The Yanks have been here beforeBy
It’s happening again. The Yankees’ offense, the highest scoring unit in the league, has hit yet another skid. In their last two games, while facing teams with the 13th and 11th most runs allowed in the AL, they’ve scored one run total. They did go homer happy the game before that pair, but the night before that they couldn’t score against the Royals bullpen. The slide has allowed the Rays to once again force a tie atop the AL East. With the way the Yankees are playing, might this be their last stand?
While those afflicted with selective amnesia might think that the end is nigh for the Yankees, it takes a memory of only a few months to realize that they have done this before. They celebrated the start of June with three wins over the Orioles, in which they scored 18 total runs. But the offense collapsed after traveling to Toronto. They scored one run in the series opener, and then scored just two in the next, spoiling an excellent Andy Pettitte start. Even in the next game the Yanks went seven full innings before scoring a run, and even then won in bizarre fashion.
A few games against Baltimore and Houston covered up for the offense, but then they hit another slide just two weeks later. It started with a lackluster effort against Jamie Moyer and carried over to the next day when they scored just one run off Kyle Kendrick. The following game against the Mets was so frustrating that it inspired an eight-word recap. The Yanks did score 28 runs in their next five games, winning four of them, but there were certainly a few sloppy ones in there. It led, unsurprisingly, to another stretch of relative futility.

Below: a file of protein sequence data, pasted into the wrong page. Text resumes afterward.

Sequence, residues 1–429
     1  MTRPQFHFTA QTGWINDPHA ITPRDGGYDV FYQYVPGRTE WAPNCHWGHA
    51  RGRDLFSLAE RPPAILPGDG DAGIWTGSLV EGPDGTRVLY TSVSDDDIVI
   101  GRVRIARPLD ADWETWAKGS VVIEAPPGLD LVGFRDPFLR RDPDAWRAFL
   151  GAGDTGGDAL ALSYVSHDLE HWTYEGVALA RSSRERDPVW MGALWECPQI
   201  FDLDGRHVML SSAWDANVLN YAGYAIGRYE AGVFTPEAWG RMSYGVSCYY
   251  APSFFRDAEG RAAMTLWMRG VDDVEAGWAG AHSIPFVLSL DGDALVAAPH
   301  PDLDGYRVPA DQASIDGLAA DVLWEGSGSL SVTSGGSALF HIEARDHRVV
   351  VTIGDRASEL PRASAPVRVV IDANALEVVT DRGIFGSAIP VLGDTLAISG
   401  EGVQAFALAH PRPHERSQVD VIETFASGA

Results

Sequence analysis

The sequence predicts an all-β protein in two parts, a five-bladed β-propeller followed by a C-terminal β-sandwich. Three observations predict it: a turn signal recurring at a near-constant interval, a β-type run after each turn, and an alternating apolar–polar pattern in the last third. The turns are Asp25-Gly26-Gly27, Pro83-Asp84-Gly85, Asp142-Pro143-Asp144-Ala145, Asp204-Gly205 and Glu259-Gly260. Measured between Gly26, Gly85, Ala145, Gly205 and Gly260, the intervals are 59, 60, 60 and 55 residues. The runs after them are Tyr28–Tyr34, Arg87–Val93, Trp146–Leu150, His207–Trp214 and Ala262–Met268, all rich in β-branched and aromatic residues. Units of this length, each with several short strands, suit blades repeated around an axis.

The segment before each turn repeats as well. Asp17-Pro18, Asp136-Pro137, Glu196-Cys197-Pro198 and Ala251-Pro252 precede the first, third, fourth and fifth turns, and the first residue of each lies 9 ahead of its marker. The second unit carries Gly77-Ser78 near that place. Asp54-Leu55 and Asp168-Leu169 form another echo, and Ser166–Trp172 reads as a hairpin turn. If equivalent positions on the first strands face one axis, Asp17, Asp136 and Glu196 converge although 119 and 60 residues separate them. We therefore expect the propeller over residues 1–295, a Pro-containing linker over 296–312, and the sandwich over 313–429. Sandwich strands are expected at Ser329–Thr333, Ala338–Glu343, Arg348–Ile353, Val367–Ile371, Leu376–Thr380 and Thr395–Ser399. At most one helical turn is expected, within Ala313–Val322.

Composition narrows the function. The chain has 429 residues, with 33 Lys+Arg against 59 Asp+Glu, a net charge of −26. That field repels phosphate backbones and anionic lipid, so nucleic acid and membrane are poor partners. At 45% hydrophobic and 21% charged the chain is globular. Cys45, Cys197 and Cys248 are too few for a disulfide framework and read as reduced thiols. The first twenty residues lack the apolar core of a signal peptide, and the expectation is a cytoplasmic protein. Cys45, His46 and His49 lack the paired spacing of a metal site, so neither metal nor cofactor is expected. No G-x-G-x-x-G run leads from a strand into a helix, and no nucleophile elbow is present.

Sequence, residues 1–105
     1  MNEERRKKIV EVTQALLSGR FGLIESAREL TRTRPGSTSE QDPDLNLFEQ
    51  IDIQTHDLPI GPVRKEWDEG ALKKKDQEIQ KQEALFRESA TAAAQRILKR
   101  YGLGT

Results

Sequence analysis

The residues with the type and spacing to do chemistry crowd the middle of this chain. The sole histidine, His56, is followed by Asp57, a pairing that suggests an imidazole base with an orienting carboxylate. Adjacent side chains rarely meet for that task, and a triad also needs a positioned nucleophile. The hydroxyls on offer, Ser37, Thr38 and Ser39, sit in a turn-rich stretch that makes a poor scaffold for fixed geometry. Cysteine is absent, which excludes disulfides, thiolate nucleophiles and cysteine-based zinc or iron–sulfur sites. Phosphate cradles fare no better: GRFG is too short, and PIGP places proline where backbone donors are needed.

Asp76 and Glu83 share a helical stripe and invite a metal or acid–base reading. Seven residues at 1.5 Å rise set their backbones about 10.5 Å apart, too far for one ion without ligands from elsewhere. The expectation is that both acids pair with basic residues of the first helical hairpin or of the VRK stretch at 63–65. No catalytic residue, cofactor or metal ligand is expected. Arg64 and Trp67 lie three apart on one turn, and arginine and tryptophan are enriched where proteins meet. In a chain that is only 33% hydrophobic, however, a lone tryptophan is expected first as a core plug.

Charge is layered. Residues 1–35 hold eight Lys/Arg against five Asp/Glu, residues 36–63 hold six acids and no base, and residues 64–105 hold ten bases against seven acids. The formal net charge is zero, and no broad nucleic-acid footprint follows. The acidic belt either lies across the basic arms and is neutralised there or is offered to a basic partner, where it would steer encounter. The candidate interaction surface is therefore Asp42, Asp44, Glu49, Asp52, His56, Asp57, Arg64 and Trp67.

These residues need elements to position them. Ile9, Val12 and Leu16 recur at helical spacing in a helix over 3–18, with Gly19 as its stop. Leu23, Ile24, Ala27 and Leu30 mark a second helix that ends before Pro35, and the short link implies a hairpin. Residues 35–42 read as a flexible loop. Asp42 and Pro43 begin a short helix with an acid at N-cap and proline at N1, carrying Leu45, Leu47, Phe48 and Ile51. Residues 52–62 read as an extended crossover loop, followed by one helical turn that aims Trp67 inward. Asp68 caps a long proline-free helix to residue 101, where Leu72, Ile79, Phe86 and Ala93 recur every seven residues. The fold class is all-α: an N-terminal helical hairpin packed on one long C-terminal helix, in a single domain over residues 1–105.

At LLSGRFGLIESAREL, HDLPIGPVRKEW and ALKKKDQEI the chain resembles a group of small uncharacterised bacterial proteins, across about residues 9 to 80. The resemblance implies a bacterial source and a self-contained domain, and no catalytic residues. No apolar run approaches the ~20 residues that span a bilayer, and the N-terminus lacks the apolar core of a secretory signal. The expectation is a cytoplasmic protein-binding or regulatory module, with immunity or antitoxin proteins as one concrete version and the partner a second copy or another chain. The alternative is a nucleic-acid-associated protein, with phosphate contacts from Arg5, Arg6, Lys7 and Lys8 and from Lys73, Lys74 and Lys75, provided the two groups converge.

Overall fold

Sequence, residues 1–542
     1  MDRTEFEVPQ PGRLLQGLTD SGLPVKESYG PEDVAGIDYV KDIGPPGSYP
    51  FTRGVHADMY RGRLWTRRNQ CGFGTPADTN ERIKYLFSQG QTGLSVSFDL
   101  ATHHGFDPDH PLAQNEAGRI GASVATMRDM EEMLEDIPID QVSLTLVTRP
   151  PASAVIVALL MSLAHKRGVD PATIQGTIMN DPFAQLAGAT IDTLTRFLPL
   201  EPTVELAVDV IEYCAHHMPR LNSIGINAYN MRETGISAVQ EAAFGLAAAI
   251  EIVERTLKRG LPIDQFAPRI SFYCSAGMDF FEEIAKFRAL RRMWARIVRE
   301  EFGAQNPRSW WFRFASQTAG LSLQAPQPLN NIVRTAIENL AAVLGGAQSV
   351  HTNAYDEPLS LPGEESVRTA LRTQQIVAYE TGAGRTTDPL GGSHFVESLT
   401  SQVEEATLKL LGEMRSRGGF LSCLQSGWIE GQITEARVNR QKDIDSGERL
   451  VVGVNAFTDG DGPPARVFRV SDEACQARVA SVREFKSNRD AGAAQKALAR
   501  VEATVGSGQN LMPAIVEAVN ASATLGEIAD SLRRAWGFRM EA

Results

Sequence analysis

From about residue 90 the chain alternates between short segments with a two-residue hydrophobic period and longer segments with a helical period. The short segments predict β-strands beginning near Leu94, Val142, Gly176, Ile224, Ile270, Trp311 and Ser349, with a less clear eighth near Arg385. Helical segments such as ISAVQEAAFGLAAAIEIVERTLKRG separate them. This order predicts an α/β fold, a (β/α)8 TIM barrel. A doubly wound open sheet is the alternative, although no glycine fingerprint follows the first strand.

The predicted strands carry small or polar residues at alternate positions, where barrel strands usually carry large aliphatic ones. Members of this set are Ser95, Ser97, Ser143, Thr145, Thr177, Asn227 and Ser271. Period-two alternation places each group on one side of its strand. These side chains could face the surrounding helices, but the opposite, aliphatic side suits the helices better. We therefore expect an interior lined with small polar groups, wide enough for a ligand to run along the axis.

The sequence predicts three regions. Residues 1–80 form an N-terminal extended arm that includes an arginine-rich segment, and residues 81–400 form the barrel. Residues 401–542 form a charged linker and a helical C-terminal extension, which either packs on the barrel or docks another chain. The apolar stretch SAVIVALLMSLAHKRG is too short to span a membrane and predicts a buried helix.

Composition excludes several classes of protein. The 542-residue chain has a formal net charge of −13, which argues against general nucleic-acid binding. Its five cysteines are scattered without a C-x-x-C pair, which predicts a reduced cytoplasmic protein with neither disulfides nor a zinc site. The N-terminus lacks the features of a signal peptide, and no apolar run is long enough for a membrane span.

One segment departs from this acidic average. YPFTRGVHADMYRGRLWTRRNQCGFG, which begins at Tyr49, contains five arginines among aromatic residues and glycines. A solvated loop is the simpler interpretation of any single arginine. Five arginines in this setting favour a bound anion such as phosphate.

The Yanks eked out a win in a game where they let a hapless starter off the hook with poor base running and strike zone management. They followed that with a two-run performance in LA, which they won thanks to CC Sabathia being awesome. They then scored three early but couldn’t add much to the total in a Burnett-induced loss. The series finale looked like a lost cause, but was only salvaged with an improbable ninth-inning comeback off one of the league’s elite closers. Then, heading home, the Yanks couldn’t score off Cliff Lee, and then were thoroughly dominated by Felix Hernandez. As June came to a close it looked like the offense had lost all life.
After that, of course, the Yankees went on a tear, scoring 56 runs in the 11 games before the All-Star break, going 9-2 in that stretch. They came out of the break in a fury, too, scoring 94 runs in 15 games and going 11-5 to finish off July. They’ve stumbled a bit in August, going 6-8, though they have scored almost four runs per game despite being shut out twice. Even with the 6-8 record they still hold a share of first place. They were in the same position 11 days ago, and both the Yanks and the Rays have gone 5-5 in their last 10 to bring things back to even. This is pretty much what we expected at the start of the season, no?
When the Yanks are going bad it’s easy to lose sight of the big picture and get lost in the moment. The Yanks look bad right now, but it’s not like we haven’t seen this type of skid already this season. We have, and it was no fun. It’s even less fun this time around. But the Yankees still share the best record in baseball. Their performance relative to other teams has been superb. Isn’t that the whole idea of a baseball season?